My poem Lullaby has been named runner-up in this year's BBC Wildlife Poet of the Year competition.
It's about swifts. When I was a kid, I wasn't at all keen on them, because of that screaming sound they make on summer evenings (thinking back, it's probably just because when you're little, you resent having to go to bed when it's still light outside, and they were a reminder of that). Now, though, they're one of my very favourite species, I think because they're such uber-birds - once they leave the nest, they might not land again for years. But anyway, a friend's young daughters were telling me earlier in the year that they didn't like the screaming noise, either, and the poem just came from that. Unusually for me, I wrote it very quickly.
I won't post it up here just now (because then you wouldn't buy the mag, would you?!), but the judges - last year's winner Chris Kinsey, Poetry Please executive producer Sara Davies, Poetry Please senior producer Tim Dee, poet Philip Gross, BBC Wildlife editor Sophie Stafford, and performance poet Sarah Williams - said: "The sensitive paradox in this poem is that while seeming to offer homely comfort, it comes as an expanding vision of nature and weather that does, as it says, throw the window open on the world".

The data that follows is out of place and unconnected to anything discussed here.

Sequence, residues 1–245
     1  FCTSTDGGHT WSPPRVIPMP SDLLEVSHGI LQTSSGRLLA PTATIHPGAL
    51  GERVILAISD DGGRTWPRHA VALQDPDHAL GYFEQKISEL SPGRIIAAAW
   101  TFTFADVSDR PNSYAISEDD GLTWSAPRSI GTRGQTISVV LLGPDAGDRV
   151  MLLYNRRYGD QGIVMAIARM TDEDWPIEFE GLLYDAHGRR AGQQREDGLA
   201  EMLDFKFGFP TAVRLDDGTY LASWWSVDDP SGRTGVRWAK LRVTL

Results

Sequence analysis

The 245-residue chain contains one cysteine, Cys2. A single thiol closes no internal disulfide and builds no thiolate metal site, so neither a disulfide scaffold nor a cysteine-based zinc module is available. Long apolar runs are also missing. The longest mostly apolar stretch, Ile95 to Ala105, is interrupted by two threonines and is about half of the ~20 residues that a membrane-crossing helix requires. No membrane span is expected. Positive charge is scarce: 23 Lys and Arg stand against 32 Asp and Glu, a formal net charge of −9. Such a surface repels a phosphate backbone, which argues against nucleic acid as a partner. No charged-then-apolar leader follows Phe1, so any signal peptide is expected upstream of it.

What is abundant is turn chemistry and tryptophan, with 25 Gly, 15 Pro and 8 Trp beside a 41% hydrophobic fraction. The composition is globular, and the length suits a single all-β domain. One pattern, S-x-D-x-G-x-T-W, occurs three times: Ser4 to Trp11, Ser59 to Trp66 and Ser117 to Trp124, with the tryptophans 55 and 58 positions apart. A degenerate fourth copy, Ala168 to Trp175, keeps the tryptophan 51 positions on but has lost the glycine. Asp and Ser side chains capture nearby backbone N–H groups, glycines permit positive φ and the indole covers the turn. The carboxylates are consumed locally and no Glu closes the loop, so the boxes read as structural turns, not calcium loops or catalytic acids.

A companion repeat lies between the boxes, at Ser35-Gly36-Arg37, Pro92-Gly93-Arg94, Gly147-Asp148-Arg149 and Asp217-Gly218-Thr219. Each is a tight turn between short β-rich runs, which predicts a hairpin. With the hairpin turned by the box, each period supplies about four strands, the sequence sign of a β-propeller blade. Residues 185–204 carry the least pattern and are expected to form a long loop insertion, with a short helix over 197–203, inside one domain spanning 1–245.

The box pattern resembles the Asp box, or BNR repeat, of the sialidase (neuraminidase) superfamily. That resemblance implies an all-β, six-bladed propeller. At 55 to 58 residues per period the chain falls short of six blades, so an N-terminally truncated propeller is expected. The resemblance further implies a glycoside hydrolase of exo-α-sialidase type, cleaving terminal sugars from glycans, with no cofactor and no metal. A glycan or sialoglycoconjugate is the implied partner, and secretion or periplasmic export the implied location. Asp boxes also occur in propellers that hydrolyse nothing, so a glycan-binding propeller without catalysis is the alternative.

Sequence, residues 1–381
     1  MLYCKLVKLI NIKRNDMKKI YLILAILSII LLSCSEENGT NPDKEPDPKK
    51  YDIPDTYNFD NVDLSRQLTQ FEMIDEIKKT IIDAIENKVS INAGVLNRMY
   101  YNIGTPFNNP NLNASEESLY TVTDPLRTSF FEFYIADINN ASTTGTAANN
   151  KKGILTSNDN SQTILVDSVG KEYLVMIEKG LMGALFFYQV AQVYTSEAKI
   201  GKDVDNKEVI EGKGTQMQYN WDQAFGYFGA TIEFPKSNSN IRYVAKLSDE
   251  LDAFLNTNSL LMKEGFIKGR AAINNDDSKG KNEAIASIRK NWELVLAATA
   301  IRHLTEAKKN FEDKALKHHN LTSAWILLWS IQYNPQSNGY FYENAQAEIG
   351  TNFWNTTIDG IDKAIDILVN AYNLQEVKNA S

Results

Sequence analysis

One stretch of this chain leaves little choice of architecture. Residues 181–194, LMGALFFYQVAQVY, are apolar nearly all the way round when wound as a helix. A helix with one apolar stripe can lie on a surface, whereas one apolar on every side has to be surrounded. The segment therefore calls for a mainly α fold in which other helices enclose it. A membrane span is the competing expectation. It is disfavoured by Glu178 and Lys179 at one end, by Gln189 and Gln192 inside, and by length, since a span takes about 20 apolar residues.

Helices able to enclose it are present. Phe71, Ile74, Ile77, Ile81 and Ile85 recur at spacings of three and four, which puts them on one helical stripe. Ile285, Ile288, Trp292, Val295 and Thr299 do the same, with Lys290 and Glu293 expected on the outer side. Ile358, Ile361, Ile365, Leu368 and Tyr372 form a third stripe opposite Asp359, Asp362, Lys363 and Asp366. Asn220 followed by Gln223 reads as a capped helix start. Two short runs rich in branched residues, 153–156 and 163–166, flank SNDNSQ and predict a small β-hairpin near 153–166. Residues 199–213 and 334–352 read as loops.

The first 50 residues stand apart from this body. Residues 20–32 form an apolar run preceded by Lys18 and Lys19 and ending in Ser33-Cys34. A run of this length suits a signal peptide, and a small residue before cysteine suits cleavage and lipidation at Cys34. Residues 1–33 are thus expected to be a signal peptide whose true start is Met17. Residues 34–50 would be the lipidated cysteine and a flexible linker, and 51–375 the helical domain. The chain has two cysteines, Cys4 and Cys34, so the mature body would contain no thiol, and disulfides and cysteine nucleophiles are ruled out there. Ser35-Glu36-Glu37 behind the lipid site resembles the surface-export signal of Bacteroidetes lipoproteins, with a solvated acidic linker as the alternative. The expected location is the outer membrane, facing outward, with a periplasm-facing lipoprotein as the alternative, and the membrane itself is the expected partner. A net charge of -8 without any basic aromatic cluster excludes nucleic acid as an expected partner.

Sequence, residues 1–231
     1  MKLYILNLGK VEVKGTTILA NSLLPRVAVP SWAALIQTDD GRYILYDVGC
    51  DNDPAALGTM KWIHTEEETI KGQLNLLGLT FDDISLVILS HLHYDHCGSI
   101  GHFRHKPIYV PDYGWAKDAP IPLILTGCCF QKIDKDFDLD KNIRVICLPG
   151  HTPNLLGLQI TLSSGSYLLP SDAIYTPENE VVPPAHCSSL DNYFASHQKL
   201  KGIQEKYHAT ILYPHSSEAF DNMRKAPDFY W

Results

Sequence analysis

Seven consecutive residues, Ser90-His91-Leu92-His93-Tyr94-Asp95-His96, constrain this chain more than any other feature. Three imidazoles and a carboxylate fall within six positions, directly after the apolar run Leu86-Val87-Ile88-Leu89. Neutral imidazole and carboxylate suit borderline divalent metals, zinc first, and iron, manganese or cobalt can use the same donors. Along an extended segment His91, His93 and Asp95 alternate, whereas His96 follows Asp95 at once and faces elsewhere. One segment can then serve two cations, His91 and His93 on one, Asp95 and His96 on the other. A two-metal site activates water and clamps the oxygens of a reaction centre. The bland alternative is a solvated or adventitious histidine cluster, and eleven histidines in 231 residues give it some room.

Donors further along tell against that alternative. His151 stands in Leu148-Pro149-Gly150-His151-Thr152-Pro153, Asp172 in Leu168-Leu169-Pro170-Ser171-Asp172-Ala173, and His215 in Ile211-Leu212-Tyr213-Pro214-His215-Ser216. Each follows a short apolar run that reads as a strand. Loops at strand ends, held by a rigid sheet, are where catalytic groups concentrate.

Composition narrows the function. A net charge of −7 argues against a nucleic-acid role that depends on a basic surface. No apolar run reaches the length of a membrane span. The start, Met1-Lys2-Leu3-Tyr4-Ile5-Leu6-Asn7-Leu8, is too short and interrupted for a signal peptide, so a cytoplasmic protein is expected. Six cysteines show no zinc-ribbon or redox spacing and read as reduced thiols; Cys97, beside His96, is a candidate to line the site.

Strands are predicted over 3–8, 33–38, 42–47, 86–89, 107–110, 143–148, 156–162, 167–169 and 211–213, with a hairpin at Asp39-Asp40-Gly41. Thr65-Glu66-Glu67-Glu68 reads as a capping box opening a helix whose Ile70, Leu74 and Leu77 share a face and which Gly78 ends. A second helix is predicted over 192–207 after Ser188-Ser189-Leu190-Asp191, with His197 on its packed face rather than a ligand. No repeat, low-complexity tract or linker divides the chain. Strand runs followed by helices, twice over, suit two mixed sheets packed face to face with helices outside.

I'm highly delighted because it's the second time I've managed second - in 2007 Hares In December, which appeared in my collection Troy Town, occupied the same place.
The winning poem, A Murmuration, by Heather Reid, is excellent, I think. It's concerned with flocking starlings, quite a common image in a lot of poetry (and songs) these days, but I really like the way the poem itself shifts pace and shape in imitation of its subject. A worthy winner.